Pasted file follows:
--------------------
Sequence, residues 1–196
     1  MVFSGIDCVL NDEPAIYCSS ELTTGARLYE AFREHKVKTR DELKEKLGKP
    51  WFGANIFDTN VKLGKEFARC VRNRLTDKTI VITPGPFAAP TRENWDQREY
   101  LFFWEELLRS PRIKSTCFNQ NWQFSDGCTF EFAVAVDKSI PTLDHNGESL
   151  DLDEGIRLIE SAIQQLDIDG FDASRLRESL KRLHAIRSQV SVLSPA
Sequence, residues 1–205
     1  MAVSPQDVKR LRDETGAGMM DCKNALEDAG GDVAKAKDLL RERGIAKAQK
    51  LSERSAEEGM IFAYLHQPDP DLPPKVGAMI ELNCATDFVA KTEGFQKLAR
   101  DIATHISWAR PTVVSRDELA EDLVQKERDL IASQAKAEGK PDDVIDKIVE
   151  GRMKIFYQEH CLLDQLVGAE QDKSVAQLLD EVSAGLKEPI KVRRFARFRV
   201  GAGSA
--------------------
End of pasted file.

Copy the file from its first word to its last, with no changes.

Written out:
Sequence, residues 1–196
     1  MVFSGIDCVL NDEPAIYCSS ELTTGARLYE AFREHKVKTR DELKEKLGKP
    51  WFGANIFDTN VKLGKEFARC VRNRLTDKTI VITPGPFAAP TRENWDQREY
   101  LFFWEELLRS PRIKSTCFNQ NWQFSDGCTF EFAVAVDKSI PTLDHNGESL
   151  DLDEGIRLIE SAIQQLDIDG FDASRLRESL KRLHAIRSQV SVLSPA
Sequence, residues 1–205
     1  MAVSPQDVKR LRDETGAGMM DCKNALEDAG GDVAKAKDLL RERGIAKAQK
    51  LSERSAEEGM IFAYLHQPDP DLPPKVGAMI ELNCATDFVA KTEGFQKLAR
   101  DIATHISWAR PTVVSRDELA EDLVQKERDL IASQAKAEGK PDDVIDKIVE
   151  GRMKIFYQEH CLLDQLVGAE QDKSVAQLLD EVSAGLKEPI KVRRFARFRV
   201  GAGSA